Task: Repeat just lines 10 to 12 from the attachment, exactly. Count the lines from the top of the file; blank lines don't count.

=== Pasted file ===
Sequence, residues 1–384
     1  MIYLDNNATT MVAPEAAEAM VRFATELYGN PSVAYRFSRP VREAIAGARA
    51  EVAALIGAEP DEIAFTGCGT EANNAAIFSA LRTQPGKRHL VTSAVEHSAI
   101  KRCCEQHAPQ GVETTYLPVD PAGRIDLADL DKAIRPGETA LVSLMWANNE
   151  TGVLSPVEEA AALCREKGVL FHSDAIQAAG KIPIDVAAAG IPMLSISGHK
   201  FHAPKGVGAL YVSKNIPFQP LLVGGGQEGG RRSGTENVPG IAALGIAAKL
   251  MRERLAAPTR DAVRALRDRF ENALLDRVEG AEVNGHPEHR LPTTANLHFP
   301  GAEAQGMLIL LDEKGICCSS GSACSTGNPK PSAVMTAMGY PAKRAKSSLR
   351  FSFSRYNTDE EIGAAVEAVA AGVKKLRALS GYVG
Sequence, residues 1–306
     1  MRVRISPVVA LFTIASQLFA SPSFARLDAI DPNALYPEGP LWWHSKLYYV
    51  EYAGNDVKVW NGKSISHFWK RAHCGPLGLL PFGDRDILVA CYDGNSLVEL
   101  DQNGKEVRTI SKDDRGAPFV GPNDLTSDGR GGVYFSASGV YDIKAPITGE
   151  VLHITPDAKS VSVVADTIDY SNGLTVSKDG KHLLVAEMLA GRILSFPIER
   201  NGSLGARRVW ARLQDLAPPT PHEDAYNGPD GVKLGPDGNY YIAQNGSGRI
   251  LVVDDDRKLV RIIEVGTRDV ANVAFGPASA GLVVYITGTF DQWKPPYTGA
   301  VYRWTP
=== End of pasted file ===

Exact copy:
Sequence, residues 1–306
     1  MRVRISPVVA LFTIASQLFA SPSFARLDAI DPNALYPEGP LWWHSKLYYV
    51  EYAGNDVKVW NGKSISHFWK RAHCGPLGLL PFGDRDILVA CYDGNSLVEL